It’s tough being an Emperor. By your definition, everyone else is “beneath you”. Fortunately, there are ways and means of avoiding the unwashed masses. You could, for example, have your own private station entrance for catching the train outside your summer palace, otherwise known as the Hofpavillon at Hietzing station.
- The Emperor’s private railway pavilion built in 1899
- Architect Otto Wagner’s only “Imperial” building
- Small exhibition inside
- Opens at weekends in the warmer months
- €5 for an adult ticket (or one-time entry for free with the Vienna Pass)
- See also: Otto Wagner locations
The expansion of Vienna’s Stadtbahn metropolitan railway system at the end of the 19th century included construction of the Wientallinie, a rail line which followed the course of the River Wien. This took it past Schönbrunn Palace, sometime summer home of Emperor Franz Joseph and his wife, Sisi.
Architect Otto Wagner designed the new Stadtbahn stations, including the famous Karlsplatz pavilions. Keen to get a foot in the door with the Imperial court, he suggested building a private pavilion on the Wientallinie for Franz Joseph that would give the monarch and his retinue their own access to the station platforms at Hietzing.
The Emperor approved of Wagner’s proposal, leading to the opening of the Hofpavillon in 1899.
This success didn’t have the desired impact on Wagner’s order book. Great as his architectural achievements in Vienna were, the Hofpavillon was to be his only Imperial building. Also, the Emperor only used the station twice. So, all-in-all, not a great return on investment. It looks good, though.
Inside the Hofpavillon
Despite its small size, the Imperial Pavilion makes a striking impression with its lovely entrance and baroque-style dome, all fully renovated and restored in 2014. The design blends the trademark simplicity and colours of the Stadtbahn stations with a dollop of Habsburg majesty, thereby elegantly bridging the worlds of functionality, modernism, and royalty.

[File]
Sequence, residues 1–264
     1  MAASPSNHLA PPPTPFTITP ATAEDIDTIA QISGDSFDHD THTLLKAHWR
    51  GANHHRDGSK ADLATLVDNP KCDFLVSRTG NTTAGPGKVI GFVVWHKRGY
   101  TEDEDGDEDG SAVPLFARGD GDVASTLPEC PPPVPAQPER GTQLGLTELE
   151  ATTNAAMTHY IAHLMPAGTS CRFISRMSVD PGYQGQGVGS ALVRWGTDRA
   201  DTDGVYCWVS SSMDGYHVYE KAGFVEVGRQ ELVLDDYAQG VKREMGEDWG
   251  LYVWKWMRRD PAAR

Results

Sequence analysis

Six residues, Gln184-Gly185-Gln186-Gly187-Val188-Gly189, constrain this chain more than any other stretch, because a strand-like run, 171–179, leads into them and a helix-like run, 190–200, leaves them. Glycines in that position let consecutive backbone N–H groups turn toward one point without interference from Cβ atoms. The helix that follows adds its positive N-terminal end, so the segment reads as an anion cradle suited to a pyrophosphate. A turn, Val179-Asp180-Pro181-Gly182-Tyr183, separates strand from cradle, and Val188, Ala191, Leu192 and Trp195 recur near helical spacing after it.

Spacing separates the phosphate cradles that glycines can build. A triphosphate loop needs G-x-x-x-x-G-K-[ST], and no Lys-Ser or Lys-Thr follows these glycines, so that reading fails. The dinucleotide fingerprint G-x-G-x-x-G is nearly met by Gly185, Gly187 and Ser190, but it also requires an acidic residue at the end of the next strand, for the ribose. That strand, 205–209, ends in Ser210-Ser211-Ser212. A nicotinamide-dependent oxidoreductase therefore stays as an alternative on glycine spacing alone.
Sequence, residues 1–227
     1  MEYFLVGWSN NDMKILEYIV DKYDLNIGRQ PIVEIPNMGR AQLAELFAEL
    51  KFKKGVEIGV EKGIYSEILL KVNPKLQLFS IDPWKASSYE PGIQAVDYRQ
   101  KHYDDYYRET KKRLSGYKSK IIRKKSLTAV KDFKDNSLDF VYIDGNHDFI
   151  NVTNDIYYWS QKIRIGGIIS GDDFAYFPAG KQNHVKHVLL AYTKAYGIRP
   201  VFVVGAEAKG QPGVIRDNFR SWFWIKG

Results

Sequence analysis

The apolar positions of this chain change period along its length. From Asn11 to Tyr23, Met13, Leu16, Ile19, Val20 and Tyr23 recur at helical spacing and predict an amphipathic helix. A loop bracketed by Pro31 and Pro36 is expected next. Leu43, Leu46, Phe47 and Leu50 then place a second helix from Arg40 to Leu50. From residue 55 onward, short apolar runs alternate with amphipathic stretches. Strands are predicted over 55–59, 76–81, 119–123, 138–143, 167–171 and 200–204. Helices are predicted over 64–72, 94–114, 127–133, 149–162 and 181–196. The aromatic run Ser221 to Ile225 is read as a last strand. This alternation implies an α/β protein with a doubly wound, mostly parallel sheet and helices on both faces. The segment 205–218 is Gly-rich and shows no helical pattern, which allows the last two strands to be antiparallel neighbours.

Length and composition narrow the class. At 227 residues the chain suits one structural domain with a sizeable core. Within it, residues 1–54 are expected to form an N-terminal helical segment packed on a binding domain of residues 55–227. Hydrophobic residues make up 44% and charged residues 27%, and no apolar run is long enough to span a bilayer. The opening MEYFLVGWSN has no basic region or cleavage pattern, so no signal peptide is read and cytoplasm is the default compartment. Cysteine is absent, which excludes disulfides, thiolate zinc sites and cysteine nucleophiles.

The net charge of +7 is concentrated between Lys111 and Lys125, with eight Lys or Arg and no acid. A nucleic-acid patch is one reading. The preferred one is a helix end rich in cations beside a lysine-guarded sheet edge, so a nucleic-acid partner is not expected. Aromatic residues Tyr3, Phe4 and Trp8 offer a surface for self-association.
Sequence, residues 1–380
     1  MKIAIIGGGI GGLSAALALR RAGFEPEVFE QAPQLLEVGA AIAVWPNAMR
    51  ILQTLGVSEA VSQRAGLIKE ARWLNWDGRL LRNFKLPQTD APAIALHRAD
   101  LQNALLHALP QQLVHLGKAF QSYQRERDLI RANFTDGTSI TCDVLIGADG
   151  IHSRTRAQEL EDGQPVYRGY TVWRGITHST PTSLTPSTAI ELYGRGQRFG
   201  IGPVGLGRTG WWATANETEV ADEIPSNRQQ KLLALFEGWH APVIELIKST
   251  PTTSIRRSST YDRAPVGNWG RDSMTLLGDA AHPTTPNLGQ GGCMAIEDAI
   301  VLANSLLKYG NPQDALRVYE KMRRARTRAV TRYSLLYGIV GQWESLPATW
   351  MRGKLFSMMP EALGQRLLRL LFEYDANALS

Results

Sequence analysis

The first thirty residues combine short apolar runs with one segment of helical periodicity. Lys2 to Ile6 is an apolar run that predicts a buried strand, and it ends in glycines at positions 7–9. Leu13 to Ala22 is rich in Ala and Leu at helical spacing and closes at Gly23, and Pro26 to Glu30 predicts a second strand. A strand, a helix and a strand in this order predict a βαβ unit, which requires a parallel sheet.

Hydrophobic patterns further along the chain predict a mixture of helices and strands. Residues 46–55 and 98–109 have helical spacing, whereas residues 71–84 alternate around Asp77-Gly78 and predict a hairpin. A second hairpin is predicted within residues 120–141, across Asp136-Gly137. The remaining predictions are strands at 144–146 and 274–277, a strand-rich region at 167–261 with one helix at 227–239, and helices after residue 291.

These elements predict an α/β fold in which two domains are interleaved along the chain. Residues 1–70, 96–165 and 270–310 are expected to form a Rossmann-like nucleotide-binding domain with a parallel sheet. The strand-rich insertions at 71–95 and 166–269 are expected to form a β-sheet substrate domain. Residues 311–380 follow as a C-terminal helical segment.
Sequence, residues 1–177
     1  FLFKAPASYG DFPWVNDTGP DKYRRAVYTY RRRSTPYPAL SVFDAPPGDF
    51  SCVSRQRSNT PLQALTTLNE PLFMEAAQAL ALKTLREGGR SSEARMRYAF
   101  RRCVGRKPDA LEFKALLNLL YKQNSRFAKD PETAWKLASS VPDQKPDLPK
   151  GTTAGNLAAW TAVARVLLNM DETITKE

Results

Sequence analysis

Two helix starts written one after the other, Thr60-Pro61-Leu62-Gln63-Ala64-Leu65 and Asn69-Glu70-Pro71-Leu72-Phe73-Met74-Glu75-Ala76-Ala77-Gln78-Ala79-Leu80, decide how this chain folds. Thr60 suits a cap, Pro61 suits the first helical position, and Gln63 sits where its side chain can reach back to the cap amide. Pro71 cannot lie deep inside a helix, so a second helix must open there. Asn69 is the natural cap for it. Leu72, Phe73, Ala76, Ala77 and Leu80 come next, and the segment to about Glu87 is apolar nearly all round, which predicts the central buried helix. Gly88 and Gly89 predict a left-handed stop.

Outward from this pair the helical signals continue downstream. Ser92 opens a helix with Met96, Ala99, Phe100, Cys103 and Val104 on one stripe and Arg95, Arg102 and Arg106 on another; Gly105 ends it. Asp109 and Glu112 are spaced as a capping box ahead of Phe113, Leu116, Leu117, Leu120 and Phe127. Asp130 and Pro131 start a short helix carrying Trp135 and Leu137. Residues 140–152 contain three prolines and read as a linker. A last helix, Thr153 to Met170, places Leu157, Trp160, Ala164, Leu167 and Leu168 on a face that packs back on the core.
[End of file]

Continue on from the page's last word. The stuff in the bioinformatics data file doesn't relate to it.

That was my impression, anyway, but I may have got a bit flowery in the description.
You can work your way around the insides very quickly. Beyond the ticket office is a beautiful octagonal room with mahogany panelling and dark silk wall coverings. The painting by Carl Moll is impressive, depicting an aerial view of Vienna. The room seems to tremble a little when a train passes underneath.
Off to the left is the white-walled hall that would have led to the platforms. Here you can see, for example, the original presentation drawings used to convince the court of the value of the building project. All information is presented in German and English.
Off to the right is another white room with information, drawings and photos covering the Stadtbahn, its stations and the Imperial pavilion.
Beyond the octagonal room is a smaller waiting room, again with dark wood panelling and green silk wall coverings.
Tickets & visitor information
The Pavilion has limited opening times. Typically it’s open during spring and summer (early April to October), weekends only, 10am to 1pm and 2pm to 6pm. At the time of writing, adult tickets were €5 with concessions available.
- It only takes a few minutes to look around, so you can easily fit in a quick trip while viewing Schönbrunn Palace and park (which is immediately opposite the pavilion)
- There’s a nice photo opportunity if you stand on the bridge at the Hietzing station and look down the tracks in the direction of the city center – the pavilion hangs incongruously over the rail line.
- If you’re up for a pilgrimage to Otto Wagner’s grave, it’s not far away from here in the Hietzinger cemetery (see the map below)
How to get to the Hofpavillon
Simply go to Hietzing station and exit in the direction of the city centre: you’ll see the pavilion in the distance, less than a 100m walk away. Just be careful walking there, as it’s a popular cycle route and alongside a busy road.
Hietzing is on the following public transport lines: the U4 subway; the 10 and 60 tram lines; the 51A, 56A, 56B, and 58A bus lines.
Address: Schönbrunner Schloßstraße, 1130 Vienna